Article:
How effective is the ‘National Fuel Pass’?


The Ceylon Petroleum Corporation (CPC) distributed petrol and diesel at its filling stations for the first time in three weeks, using a number plate system. As part of a pilot project, the National Fuel Pass system was tested at six filling stations in Colombo.

After 23 days, CPC last week started supplying petrol through their filling stations islandwide. According to an announcement made by Minister of Transport, Dr. Bandula Gunawardena on 27 June, fuel was only to be supplied to essential services prior to this, given the delay in fuel supplies entering the country.

Even though the Government promised that everyone would have access to petrol on 10 July, the process took longer than expected, with CPC continuing to supply fuel to essential services, while Lanka IOC became the only distributor of fuel to ordinary citizens.

Minister of Power and Energy, Kanchana Wijesekera said fuel distribution will take place according to the last digit of the licence plate.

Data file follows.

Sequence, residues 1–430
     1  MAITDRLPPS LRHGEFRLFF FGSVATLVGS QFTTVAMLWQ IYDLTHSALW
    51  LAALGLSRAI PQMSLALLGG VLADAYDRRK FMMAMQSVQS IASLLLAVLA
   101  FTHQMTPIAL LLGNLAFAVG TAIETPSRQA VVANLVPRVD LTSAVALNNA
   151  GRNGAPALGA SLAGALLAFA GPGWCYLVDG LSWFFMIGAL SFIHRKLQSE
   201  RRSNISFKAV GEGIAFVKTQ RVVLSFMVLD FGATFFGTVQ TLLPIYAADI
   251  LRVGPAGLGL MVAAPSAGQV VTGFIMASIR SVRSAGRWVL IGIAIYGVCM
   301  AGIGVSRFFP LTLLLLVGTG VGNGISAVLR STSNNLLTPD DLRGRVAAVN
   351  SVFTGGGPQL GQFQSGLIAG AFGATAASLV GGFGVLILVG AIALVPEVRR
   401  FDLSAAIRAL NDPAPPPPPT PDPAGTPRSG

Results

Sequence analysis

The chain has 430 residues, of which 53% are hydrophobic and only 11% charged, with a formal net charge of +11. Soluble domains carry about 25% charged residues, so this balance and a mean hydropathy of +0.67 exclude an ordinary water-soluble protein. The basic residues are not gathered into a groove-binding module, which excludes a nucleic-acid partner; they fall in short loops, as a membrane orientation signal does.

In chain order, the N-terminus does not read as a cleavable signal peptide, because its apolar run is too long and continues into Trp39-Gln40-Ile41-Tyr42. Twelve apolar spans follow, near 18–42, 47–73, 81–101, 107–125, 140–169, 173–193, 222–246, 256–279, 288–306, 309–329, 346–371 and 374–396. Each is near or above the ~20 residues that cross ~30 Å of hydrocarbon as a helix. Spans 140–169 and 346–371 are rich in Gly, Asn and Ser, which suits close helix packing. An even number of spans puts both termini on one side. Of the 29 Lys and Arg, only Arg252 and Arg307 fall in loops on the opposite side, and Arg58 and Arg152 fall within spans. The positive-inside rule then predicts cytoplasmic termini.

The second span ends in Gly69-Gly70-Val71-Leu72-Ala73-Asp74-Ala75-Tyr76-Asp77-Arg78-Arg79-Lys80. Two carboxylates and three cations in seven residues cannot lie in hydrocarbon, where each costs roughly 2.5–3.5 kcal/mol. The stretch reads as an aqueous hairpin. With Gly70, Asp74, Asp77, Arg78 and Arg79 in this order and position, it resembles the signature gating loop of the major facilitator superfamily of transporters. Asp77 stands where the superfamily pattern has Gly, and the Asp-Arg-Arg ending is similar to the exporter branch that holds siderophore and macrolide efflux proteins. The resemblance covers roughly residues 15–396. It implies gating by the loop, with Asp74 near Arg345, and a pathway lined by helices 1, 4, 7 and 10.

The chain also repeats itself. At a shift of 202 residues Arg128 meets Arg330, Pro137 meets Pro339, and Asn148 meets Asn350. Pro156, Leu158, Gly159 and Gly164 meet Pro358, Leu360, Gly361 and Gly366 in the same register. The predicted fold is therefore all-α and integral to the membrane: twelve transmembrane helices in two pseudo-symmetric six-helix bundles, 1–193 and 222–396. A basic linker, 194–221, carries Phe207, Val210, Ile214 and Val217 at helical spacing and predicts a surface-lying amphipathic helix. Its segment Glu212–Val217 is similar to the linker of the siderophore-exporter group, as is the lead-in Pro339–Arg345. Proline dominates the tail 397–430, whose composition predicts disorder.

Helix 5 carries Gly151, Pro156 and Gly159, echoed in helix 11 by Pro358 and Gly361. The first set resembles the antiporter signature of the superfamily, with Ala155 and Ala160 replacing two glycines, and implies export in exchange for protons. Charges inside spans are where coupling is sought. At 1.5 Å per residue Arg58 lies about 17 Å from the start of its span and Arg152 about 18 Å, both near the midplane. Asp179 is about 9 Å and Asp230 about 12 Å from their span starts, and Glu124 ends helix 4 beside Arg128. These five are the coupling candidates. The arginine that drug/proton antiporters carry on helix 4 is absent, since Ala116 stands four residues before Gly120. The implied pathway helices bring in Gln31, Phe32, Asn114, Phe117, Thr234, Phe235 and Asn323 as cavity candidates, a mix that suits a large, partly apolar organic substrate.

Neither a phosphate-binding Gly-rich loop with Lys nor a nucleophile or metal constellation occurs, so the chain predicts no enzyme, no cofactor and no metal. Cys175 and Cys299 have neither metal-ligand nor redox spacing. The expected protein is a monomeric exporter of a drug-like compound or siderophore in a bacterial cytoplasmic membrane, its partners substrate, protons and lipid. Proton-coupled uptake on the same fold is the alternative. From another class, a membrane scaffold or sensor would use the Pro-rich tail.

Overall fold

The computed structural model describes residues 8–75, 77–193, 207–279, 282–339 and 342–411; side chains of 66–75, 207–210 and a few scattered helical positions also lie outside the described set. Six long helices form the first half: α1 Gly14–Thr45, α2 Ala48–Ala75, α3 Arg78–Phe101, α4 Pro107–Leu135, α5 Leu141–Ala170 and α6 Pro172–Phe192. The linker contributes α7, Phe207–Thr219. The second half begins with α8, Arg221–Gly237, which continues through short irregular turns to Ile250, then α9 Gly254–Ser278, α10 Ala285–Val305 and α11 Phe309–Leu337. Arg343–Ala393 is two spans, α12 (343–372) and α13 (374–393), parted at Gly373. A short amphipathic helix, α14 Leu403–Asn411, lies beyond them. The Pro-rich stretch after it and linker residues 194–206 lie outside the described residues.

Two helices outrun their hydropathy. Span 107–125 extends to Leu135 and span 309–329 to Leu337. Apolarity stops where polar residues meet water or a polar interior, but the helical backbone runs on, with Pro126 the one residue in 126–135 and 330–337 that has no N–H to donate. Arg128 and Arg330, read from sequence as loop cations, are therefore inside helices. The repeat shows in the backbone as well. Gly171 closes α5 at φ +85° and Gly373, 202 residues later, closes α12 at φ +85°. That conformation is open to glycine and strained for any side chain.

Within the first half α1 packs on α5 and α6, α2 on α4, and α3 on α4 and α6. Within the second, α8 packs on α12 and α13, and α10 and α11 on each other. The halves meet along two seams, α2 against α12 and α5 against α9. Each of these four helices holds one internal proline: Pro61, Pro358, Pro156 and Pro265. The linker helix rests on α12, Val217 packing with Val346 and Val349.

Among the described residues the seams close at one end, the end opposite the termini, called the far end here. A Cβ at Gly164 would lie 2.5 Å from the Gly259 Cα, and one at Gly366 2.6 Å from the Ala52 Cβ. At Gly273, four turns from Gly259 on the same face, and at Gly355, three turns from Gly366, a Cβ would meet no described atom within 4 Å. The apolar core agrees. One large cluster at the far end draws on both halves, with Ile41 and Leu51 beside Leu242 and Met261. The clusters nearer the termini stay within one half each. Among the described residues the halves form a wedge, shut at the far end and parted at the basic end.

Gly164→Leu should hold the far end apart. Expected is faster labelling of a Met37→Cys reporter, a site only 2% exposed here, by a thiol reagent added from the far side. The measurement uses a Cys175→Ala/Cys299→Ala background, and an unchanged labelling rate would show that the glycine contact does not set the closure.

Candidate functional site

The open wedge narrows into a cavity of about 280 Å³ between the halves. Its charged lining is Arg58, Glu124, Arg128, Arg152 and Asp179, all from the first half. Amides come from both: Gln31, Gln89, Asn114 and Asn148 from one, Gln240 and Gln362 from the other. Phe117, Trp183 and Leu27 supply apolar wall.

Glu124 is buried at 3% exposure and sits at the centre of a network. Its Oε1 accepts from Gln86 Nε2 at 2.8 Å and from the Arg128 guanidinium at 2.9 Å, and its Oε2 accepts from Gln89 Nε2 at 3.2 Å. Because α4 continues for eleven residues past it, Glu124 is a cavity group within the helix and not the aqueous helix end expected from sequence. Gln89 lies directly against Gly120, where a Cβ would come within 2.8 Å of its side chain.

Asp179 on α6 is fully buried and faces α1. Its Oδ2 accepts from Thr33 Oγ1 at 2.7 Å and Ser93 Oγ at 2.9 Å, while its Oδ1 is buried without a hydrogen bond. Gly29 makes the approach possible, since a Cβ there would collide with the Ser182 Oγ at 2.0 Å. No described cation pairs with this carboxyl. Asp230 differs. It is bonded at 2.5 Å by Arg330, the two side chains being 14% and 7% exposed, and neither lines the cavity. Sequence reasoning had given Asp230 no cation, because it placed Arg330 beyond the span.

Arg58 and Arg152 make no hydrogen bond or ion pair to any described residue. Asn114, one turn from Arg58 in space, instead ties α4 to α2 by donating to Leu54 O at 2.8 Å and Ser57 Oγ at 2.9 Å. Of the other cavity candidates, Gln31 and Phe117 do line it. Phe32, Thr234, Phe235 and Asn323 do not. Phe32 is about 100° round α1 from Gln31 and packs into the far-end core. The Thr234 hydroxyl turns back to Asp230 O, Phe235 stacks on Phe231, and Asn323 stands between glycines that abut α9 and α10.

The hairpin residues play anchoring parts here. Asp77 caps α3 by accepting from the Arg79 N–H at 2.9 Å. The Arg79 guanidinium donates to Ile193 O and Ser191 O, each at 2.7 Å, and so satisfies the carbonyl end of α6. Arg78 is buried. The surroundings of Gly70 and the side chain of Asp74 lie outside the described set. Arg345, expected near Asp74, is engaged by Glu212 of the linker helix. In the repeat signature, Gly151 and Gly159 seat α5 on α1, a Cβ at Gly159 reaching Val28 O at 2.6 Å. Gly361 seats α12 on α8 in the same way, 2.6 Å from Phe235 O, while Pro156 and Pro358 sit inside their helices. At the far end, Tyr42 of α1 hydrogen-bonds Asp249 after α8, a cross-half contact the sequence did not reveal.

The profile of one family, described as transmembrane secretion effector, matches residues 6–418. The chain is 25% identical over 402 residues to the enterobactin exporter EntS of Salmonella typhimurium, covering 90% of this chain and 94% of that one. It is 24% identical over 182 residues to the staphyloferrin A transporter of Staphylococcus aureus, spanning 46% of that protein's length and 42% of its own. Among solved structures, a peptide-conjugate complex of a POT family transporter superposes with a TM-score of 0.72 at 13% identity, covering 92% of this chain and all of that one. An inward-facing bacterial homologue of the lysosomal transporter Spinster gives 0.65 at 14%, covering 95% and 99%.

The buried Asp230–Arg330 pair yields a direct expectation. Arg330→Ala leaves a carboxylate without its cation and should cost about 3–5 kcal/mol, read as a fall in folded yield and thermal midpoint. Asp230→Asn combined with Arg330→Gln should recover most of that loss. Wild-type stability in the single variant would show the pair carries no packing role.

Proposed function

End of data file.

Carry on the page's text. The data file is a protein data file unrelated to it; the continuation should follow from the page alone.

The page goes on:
How was the fuel distribution system implemented?

The CPC began distributing fuel on 21 July after a two-week delay based on the final digit of the vehicle’s number plate. Six filling stations in Colombo and its surrounding areas have begun testing the National Fuel Pass programme’s pilot project.

Long queues could be seen at the majority of filling stations in Colombo and the suburbs despite the Government’s advice not to wait in line. The Tri-Forces and the Police were also in charge of some filling stations.

The CPC was able to deploy six officers to cover the six filling stations where the pilot project to test the fuel pass programme were conducted.

The National Fuel Pass system was introduced and tested at Colombo 4, Colombo 2, Colombo 7, Kaduwela, Madiwela, and Marine Drive filling stations. The National Fuel Pass will be gradually implemented at other filling stations in the coming days. As the National Fuel Pass system was announced, the ministry reports that over three million persons have registered.

Did fuel distribution based on the licence plate fail?

Regardless of announcements or warnings, fuel stations across the country were flooded with vehicles. People had been queuing for days. However, when contacted, Prasanna Jayasinghe, the officer in charge of the Colombo 7 fuel station, said they began fuel distribution based on the number plate.